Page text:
|Special Guest Lectures|
|Variational Transition State Theory: Parallel Direct Dynamics for Barrierless Association Reactions|
|Dr. Jingjing Zheng, University of Minnesota|
|LONI Institute Computational Scientist Candidate|
|Johnston Hall 338
September 23, 2008 - 11:00 am
POLYRATE is a computer program for the calculation of chemical reaction rates of polyatomic species (and also atoms and diatoms as special cases) using variational transition state theory (VTST) with multidimensional tunneling. The original POLYRATE program was especially well suited for simple barrier reactions. But numerous reactions, especially in atmospheric and combustion chemistry, have no potential energy barrier between reactants and products. We have implemented a flexible VTST treatment for barrierless association reaction by employing a variable reaction coordinate and multifaceted dividing surfaces. The most time-consuming part of the calculation is an integral on eight- dimensional multifaceted hypersurface in the coordinate space of the interacting reagents; this hypersurface is conventionally called the dividing surface. The integral on the dividing surface is evaluated by the Monte Carlo method. The Monte Carlo integration requires thousands of samples of the energy to achieve a reasonably accurate result, and each sample requires a full electronic structure calculation. The electronic structure energies are calculated by interfacing the dynamics program with an electronic structure program; this procedure is called direct dynamics. The Monte Carlo integration is massively parallelized using the MPI message passing interface. By using an efficient strategy for achieving load balance and by using parallel I/O, we developed a new parallel version of POLYRATE that can be applied to large-scale problems on distributed-memory computers with almost linear scaling up to 150 processors and with 85% efficiency for 250 processors. The program has been well documented and is made available on the Internet for general use.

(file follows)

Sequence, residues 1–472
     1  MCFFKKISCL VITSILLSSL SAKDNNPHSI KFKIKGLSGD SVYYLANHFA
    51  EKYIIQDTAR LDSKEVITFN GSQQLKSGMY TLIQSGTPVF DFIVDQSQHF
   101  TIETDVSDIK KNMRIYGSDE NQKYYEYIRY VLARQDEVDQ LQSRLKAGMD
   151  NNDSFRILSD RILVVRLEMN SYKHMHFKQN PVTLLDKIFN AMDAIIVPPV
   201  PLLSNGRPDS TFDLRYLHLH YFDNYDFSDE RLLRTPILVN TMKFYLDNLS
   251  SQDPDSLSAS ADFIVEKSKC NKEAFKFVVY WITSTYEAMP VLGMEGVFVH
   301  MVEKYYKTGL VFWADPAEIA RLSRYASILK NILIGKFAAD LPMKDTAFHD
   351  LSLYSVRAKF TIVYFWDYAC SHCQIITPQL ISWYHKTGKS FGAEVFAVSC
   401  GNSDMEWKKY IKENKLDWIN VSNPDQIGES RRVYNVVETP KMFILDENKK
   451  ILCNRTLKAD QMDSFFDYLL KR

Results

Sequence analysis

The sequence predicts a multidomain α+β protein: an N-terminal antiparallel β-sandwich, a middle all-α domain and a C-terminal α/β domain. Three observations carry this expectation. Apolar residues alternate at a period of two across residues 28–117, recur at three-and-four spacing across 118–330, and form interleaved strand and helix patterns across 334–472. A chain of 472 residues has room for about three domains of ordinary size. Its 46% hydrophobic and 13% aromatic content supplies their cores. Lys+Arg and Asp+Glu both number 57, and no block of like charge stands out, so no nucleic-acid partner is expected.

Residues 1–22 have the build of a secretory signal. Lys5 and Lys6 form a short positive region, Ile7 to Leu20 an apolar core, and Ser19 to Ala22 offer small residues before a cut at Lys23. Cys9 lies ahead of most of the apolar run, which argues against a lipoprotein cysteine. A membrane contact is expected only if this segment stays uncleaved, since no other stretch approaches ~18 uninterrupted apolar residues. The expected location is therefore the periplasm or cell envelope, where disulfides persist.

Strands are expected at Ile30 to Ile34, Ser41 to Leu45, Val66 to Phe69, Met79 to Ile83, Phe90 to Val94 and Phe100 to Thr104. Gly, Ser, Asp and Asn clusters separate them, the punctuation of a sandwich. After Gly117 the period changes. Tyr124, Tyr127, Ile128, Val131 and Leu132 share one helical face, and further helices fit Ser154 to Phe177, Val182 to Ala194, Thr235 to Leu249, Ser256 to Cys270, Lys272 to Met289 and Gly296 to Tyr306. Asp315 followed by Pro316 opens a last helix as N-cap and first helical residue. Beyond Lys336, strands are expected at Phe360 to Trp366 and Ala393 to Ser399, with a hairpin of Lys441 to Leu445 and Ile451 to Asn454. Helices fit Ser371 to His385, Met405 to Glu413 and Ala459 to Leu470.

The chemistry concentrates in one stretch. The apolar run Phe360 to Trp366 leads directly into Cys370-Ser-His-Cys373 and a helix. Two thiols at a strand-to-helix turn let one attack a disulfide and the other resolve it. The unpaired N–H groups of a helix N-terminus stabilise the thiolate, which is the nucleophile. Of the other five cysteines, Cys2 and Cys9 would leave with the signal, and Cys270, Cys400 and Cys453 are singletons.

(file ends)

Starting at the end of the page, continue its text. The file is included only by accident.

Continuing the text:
Dr. Zheng is currently a postdoc in Dr. Truhlar's group in the Department of Chemistry at the University of Minnesota.